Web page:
Five-star junior Shareef O’Neal, the son of NBA legend Shaquille O’Neal, has committed to play for Coach Sean Miller at the University of Arizona.
O’Neal, a 6-foot-8 power forward from Crossroads School in Santa Monica, California, is a top 20 player in the ESPN rankings for the class of 2018.
Throughout his recruitment, UCLA, USC, and Kentucky were involved, as well as his father’s alma mater, LSU.
“This is sort of deja vu to me,” Shaquille O’Neal said on ESPN at the Hoophall Classic in January about his son’s recruitment. “My father never said you should do this, you should do that. So I’m gonna let him make his decision. LSU, Kentucky, Arizona. He’s getting a lot of letters. A couple of weeks ago, he got his book with all his letters, I got my book with all my letters. It’s a great feeling. But I’m gonna let him make the final decision.”
Sean Miller and Arizona now have two five-star prospects committed for the 2018 class, with O’Neal joining five-star wing Emmanuel Akot. Miller has recruited a top-seven class in seven straight seasons, and is now in good position to make it eight.
O’Neal’s high school teammate, Ira Lee, a four-star power forward, will be playing at Arizona next year, and there’s no doubt Lee played a role in O’Neal’s recruitment.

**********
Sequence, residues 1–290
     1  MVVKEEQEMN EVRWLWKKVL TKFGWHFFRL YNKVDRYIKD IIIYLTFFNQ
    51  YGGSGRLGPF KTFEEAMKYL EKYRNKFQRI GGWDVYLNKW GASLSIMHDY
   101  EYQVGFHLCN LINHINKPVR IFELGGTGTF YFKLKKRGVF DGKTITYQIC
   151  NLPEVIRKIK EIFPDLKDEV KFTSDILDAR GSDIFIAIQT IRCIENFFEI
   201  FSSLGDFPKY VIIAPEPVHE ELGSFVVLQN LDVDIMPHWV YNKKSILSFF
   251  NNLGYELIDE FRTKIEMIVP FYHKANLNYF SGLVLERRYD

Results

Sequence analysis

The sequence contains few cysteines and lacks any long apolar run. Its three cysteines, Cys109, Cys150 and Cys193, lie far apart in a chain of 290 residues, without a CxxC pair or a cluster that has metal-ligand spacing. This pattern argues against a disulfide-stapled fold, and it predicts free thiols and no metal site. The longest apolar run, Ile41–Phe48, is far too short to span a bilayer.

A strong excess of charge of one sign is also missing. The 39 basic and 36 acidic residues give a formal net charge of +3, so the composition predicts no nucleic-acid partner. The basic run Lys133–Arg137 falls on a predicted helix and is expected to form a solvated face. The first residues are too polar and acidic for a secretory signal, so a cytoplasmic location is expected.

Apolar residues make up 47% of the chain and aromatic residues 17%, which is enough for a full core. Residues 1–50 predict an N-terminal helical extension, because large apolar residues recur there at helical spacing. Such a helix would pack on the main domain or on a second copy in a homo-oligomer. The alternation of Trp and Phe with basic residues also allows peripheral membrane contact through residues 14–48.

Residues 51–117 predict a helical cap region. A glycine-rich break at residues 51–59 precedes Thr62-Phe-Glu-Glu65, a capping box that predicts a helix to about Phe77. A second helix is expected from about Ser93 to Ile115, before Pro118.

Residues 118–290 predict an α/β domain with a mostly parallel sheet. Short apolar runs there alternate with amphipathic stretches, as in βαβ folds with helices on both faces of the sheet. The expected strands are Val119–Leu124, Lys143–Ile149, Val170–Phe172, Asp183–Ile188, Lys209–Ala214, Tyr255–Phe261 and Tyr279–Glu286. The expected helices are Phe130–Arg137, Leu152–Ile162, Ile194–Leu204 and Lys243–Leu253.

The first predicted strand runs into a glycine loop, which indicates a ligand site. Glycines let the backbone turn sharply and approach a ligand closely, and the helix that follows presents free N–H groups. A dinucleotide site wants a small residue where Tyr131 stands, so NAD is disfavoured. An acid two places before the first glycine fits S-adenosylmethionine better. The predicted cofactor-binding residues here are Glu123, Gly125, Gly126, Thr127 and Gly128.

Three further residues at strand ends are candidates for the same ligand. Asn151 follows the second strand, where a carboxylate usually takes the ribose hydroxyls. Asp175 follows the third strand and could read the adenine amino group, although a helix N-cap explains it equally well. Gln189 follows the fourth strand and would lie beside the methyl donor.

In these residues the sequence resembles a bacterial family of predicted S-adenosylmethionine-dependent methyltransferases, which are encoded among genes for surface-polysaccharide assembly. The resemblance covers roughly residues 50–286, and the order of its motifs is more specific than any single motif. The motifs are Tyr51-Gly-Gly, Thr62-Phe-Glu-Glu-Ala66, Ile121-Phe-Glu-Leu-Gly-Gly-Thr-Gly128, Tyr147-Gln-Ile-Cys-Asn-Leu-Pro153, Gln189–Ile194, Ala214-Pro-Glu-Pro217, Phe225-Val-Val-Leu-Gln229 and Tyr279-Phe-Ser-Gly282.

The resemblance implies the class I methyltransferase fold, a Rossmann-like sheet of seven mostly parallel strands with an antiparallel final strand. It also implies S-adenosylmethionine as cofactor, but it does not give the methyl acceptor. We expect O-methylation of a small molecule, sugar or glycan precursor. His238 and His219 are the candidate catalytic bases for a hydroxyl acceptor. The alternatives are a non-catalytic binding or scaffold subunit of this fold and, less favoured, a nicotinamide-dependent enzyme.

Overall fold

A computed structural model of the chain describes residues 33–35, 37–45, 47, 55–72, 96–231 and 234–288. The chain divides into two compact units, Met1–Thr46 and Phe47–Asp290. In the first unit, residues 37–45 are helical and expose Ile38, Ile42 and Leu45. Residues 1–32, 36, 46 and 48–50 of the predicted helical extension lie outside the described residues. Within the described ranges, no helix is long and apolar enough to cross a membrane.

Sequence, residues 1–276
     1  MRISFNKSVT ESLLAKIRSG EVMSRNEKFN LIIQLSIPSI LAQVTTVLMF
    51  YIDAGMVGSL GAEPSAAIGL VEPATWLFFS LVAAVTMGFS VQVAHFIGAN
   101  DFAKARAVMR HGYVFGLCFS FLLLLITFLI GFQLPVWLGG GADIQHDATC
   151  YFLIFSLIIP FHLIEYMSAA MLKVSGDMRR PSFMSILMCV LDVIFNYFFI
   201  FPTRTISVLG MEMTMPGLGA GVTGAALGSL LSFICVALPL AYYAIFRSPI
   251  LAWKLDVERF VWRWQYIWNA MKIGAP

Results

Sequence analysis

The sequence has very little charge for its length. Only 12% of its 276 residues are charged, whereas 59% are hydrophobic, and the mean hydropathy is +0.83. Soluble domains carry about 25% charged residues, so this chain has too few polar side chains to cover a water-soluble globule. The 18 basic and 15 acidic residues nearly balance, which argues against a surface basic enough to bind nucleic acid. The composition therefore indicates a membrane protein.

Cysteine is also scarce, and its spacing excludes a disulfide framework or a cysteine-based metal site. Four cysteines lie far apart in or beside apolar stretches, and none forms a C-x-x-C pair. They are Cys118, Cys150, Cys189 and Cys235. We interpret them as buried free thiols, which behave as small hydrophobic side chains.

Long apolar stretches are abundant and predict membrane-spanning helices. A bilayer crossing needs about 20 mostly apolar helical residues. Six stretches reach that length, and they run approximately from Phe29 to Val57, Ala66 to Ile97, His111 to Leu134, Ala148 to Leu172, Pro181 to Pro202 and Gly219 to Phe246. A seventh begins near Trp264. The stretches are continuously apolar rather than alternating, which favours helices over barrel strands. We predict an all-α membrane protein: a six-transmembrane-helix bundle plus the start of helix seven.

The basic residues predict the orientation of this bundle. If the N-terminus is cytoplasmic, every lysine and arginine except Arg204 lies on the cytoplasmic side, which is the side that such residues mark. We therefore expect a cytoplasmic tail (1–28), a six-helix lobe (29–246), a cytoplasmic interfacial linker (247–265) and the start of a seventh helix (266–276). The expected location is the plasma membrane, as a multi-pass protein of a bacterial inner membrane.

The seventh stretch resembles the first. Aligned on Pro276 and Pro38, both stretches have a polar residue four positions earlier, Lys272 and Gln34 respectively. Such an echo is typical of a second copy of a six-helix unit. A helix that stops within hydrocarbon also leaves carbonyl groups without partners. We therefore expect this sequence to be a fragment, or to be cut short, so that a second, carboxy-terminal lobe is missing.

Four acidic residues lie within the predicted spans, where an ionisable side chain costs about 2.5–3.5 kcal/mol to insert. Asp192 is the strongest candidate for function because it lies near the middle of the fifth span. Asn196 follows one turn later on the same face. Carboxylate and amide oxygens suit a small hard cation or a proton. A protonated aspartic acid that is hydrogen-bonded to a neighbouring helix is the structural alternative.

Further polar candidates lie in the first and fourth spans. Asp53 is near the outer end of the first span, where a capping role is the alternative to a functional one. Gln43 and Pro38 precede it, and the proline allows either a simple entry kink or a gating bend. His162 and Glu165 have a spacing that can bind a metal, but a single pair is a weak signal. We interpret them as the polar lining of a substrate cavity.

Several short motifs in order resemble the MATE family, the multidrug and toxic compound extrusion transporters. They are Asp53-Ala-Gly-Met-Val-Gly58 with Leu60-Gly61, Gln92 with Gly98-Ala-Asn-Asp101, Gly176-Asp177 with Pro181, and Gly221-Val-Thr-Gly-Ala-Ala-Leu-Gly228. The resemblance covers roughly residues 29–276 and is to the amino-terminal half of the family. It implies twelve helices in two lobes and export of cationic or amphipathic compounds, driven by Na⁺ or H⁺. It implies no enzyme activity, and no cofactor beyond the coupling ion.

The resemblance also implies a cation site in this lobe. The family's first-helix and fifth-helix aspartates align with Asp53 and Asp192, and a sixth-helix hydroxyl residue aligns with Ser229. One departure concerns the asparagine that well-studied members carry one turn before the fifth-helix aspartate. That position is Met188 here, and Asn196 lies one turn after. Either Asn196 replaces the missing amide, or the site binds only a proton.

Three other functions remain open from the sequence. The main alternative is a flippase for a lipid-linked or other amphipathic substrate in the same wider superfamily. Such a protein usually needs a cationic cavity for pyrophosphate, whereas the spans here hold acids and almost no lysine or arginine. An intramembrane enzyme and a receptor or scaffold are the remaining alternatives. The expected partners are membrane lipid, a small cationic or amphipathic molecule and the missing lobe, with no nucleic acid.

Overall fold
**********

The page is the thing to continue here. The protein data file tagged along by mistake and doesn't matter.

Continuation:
During the Hoophall Classic, O’Neal spoke to Shawn McFarland of USA Today about his relationship with Lee, and his recruitment (at the time) with Arizona.
“Ira, that’s like my big brother. I’ve always looked up to him,” O’Neal said. “He’s a very hyped person, he gets me going in the game. I think his main focus is to help me, because he’s already signed to Arizona, he’s just making sure I’m going on a good route. We’re like two peas in a pod, it’s like my best friend and also my big brother.”
O’Neal touched on Lee’s in-house recruitment of him to Airzona.
“[Lee] mentions it to me all the time, he’s like, ‘Arizona they want you,’ and I talk to the coaches a lot,” O’Neal said. “That was the last visit I went on, and I like the school a lot. They treat me like family over there.”
Arizona values O’Neal’s versatility, and his ability to handle the rock.
“They said, ‘We noticed that your game, you play more like a guard,’ and they said it was like something they’d never seen before,” O”Neal explained. “A 6-10 guy like me shooting and running the floor like a guard does. They said that’s the first thing they were interested in.”
Wildcat fans will have to wait two years to see the dynamic duo of Lee and O’Neal reunite on the court. So for now, here’s a recent video of O’Neal nearly ending an opponent’s career on the AAU circuit.
— IN THE LAB (@TEN000HOURS) April 10, 2017